Opinion: increased monitoring, protection and supervision of children means they are not developing the coping skills or resilience they need to cope in their everyday lives.
There is a growing concern that our attempts to protect children is resulting in a "cotton wool" generation. Increased monitoring and supervision of play, anticipating risks and doing everything we can to protect them means children don’t develop the coping skills or resilience they need to cope in their everyday lives. A few key messages from research in the fields of psychology and developmental science help us better understand how children develop resilience.
Children learn to feel good about themselves by being kept safe and supported while at the same time being presented with challenges that are not too much. Good enough parenting is where children are protected from harm, but encouraged to take risks appropriate to their age and their capabilities. Children need to be nurtured and supported and, at the same time, challenged. This enhances their sense of security in themselves and the world, while also developing their coping skills.
Children who do well in the face of adversity are children who are able to reach out for help
An important skill that promotes resilience in human beings is the ability to problem solve. We need to generate different solutions to a problem, weigh up the pros and cons of each alternative and make an informed decision as to how to resolve the problem.
How do we learn to solve problems? By having lots and lots of opportunities. If children are not presented with such opportunities, this impedes their development. Parents can unwittingly prevent their children from developing these thinking skills through "thinking for them" and anticipating the difficulties that may arise and "solving" them. Parents need to gradually pull back as their child gets older and encourage their child to think for him or herself, to figure out their own path through their daily struggles, and still be there to gently support their efforts and make sure they don’t get overwhelmed.
We are so much more exposed now to information about the bad things that can happen to children. Advances in technology and communication mean that present day parents are more aware of the dangers and risks that are out there. Some can manage this fine, while others are overwhelmed by it.
If we can use this information to make good decisions about anticipating where dangers lie for our children, we will be better able to protect our children. If we are overwhelmed and undermined in our confidence to protect our children, it will result in us keeping our children close to us. This may prevent them from exploring their world in a way that promotes their autonomy and independence – and their problem solving skills.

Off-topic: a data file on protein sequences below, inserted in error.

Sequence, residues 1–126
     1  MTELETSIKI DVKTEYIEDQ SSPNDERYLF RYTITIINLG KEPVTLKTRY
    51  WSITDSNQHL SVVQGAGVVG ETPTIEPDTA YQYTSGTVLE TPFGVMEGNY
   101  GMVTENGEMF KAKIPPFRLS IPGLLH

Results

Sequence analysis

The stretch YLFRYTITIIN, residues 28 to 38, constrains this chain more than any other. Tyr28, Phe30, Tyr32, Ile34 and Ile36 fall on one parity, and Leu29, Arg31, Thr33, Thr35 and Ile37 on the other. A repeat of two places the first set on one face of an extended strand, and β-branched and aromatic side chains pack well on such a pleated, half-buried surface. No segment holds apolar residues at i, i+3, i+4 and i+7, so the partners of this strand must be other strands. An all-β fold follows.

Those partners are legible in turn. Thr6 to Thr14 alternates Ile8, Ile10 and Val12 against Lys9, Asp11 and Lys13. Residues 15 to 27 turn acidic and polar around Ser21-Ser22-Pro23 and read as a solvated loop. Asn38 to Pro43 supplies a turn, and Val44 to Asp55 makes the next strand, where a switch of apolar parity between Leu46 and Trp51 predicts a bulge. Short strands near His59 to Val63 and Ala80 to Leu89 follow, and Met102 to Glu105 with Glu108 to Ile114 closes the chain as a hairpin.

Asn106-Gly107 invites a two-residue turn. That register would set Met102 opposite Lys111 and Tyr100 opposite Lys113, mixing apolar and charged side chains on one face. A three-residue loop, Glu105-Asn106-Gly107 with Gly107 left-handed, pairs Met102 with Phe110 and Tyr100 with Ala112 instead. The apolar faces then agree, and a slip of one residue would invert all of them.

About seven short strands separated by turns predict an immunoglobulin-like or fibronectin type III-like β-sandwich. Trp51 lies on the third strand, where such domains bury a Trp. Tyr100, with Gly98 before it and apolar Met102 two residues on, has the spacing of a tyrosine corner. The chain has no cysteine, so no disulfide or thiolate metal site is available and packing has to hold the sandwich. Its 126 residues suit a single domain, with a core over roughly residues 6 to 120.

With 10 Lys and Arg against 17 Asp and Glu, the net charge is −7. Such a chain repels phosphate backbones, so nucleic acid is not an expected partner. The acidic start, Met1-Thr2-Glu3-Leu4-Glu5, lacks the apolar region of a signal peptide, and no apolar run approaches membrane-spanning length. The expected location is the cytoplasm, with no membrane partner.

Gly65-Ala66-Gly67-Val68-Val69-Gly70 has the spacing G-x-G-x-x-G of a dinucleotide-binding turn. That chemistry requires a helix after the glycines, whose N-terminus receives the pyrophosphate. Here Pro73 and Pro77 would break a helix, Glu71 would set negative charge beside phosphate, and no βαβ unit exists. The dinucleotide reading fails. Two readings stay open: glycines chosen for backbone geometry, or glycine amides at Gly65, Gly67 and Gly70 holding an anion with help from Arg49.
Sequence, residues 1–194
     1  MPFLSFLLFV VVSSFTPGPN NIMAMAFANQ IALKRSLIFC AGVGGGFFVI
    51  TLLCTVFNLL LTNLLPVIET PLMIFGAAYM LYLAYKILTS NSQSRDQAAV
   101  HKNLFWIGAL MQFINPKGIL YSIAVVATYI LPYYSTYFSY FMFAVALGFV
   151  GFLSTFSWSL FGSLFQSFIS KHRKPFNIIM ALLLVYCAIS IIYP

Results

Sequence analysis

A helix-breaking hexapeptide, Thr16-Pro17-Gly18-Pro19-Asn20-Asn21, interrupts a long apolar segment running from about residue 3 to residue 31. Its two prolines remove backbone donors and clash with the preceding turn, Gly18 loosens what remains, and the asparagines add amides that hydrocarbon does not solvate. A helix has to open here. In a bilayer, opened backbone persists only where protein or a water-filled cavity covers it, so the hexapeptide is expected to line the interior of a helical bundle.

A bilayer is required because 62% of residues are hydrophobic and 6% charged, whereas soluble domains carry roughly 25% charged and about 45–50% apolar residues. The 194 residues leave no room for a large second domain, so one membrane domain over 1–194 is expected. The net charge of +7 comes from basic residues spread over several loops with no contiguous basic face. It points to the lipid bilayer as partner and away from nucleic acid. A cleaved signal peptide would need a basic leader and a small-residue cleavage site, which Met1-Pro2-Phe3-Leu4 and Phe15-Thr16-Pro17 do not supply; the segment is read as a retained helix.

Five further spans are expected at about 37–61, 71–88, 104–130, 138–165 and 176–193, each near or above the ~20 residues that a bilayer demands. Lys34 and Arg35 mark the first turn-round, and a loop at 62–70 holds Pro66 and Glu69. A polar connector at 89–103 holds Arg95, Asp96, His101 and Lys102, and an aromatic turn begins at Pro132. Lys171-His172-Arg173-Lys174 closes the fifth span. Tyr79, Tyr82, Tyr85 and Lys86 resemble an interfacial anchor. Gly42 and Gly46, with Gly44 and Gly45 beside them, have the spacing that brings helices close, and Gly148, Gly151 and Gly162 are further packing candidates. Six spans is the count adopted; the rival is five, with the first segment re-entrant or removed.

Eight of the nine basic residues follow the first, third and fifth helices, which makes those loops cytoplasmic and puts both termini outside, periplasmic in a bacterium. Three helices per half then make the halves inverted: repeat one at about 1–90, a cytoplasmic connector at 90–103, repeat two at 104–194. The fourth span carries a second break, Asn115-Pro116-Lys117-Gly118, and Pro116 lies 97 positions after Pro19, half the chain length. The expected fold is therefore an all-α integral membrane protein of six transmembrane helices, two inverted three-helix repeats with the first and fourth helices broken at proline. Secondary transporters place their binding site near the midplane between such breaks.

If we want our children to develop as healthy balanced individuals, we need to help them develop the skills they need to deal with adversity
Parents who may at the best of times struggle with anxiety (it is the most common mental health difficulty in the world) can develop specific anxieties about their children’s safety and welfare when exposed to this information. They may feel that their only option is to keep their children close and that this will minimize the likelihood that they will get hurt. This may be their way of coping with their own anxiety.
But children need to spread their wings, explore their environment and develop their friendships away from the gaze of their parents or carers. If parents cannot manage their own anxiety about the risks that children may face every day, this anxiety will be communicated to their children, and children will then feel anxious, less confident, and less competent to face life. A useful resource for parents who suffer from anxiety is Claire Hayes’ Finding Hope in the Age of Anxiety (Gill Books, 2017).
A final message is that children who do well in the face of adversity are children who are able to reach out for help. They are able to recognise "I I need help here, this is more than I can cope with on my own" and they have access to someone who can support them.
One of the coping skills that parents need to teach their children is how to ask for help when they need it. Of course, there is no better way to teach children than to show by example. Parents who seek support when they are struggling, whether that be from a partner, a friend, or from a professional, are demonstrating to their child that it’s okay not be to able to cope with everything all the time; that it’s good to ask for help; and that, with support, they will be able to manage.
If children are not presented with opportunities to learn how to problem solve, this impedes their development
The problem is not that we are trying too hard to keep children safe. We can never try too hard because we can never ensure that all children are kept safe. Our children will experience adversity because it is part of the human condition. Much as we would like them to be spared heartache and pain, we have to accept that this is part of life.
If we want our children to develop as healthy balanced individuals, we need to help them develop the skills they need to deal with adversity. The balance that we need to strive for is to protect our children from harm, but not hold them back from normal exploration that is healthy, that will expand their horizons and their problem solving skills and show them that it’s okay to look for help when it all feels too much.
The views expressed here are those of the author and do not represent or reflect the views of RTÉ